SINGAPORE: Su Jianfeng (苏剑锋), accused in Singapore’s S$2.8 billion money laundering case, vehemently asserted his position as the CEO of An Xing Technology, a Singapore-based company, in a bid to counter the prosecution’s claim of his high flight risk.
Contradicting to his claim, an affidavit by the investigating officer (IO) disclosed to the court on Wednesday (18 Oct) indicated that Su’s company was, in fact, a shell entity.
According to IO Lye Jia He of the Singapore Police Force’s Commercial Affairs Department, despite Su holding the position of CEO, his knowledge about the company’s operations was severely limited.
“He could not state the number of employees in the company, could not identify its employees, customers and suppliers, and could not even state where the company was located.”
“He also could not provide any documents showing his employment or work done. It is therefore plain that the accused has little to no involvement in the company, or if the company is even a going concern, ” IO Lye informed the court, backing the prosecution’s objection to Su’s bail during the hearing.
Su Jianfeng, a 35-year-old citizen of Vanuatu but originally from Fujian, China, was apprehended on Aug 15 during a comprehensive island-wide raid conducted by Singapore authorities, leading to the arrest of ten individuals.
Described by the prosecution as unprecedented in scale and magnitude, the operation resulted in the confiscation of assets worth billions, including luxury vehicles, properties, and a substantial amount of cash.
According to a report by CNA, IO Lye highlighted several crucial points regarding Su’s company’s financial transactions.
As of August 15, Su’s company, An Xing Technology, possessed only one corporate bank account with CIMB. Records showed three deposits in 2022, with values of S$20,000, S$999,965, and S$999,965, but no activity in 2023.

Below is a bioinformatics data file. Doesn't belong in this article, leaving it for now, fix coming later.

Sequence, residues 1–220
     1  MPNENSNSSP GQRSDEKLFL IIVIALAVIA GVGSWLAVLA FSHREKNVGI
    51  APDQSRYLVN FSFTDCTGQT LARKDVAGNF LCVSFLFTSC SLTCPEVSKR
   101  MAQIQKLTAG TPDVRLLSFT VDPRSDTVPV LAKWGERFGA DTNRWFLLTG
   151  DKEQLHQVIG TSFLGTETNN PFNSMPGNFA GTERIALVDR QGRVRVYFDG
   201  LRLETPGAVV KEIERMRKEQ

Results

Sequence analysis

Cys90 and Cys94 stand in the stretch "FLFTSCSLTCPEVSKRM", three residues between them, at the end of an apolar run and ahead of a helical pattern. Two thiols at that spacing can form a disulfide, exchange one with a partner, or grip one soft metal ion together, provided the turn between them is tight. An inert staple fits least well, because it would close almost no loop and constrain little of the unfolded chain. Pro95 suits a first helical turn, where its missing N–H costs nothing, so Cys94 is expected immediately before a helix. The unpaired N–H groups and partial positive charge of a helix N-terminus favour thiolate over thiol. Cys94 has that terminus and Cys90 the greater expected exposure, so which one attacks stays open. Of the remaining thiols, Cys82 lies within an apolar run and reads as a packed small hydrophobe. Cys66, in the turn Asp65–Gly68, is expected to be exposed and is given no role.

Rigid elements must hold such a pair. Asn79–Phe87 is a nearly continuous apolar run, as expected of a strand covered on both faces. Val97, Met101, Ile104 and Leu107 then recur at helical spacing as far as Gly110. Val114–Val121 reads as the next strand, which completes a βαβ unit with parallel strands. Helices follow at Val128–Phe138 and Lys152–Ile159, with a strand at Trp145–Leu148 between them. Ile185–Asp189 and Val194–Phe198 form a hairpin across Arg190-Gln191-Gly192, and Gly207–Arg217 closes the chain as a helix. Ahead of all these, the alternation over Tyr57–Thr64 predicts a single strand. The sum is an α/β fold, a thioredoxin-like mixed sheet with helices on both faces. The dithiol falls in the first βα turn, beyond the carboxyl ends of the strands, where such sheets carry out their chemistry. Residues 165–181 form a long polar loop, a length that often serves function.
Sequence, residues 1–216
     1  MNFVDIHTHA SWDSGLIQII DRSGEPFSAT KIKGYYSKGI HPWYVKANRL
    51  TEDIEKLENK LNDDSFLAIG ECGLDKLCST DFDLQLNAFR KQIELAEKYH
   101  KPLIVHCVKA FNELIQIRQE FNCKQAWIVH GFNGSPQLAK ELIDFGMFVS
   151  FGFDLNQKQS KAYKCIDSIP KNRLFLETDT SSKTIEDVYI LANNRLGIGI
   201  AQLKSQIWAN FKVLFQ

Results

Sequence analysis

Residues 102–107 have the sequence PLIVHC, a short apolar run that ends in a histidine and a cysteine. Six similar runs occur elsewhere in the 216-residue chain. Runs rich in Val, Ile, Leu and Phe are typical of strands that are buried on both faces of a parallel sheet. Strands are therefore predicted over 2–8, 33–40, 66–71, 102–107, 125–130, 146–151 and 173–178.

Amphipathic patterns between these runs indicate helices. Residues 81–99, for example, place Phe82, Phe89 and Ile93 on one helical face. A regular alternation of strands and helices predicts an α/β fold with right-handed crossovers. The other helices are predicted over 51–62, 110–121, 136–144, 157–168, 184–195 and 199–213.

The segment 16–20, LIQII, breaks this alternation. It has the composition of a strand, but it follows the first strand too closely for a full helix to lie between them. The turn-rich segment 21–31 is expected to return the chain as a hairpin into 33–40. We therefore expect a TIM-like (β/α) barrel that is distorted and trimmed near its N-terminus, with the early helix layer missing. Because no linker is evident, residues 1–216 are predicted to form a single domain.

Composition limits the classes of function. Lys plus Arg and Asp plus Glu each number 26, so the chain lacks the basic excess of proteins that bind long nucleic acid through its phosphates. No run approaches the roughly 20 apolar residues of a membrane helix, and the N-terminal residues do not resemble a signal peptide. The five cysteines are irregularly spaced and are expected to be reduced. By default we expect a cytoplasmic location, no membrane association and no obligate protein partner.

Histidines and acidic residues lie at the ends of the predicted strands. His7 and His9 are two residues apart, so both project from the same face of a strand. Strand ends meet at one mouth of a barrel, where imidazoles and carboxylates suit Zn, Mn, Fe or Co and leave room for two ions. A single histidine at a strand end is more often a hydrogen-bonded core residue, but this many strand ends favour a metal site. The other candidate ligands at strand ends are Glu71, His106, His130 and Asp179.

Previous accounts with RHB and UOB had been closed in December 2021 and May 2023, respectively.
“In particular, I note that there were no deposits in the CIMB account between May 2, 2023 and Aug 31, 2023 (when the CIMB account was the company’s sole bank account),” IO Lye added.
“Instead, there were only large withdrawals being made which depleted the CIMB account.”
Su’s claim of “strong ties to Singapore”
Concerning Su’s claim of “strong ties to Singapore” in his affidavit, IO Lye countered by stating that Su, his wife, three children, and his parents are all foreign nationals.
Notably, they had only arrived in Singapore recently, with his parents visiting as late as August 2, 2023.
“On his own account, the accused and his family have only been in Singapore since 2019 or 2020. His parents are residents in China and only arrived in Singapore on Aug 2, 2023, on a social visit pass.”
Regarding Su’s defense that his assets in Dubai do not suggest he’s a flight risk, IO Lye countered that his substantial wealth overseas, exceeding S$12 million, provides a strong incentive for him to flee Singapore.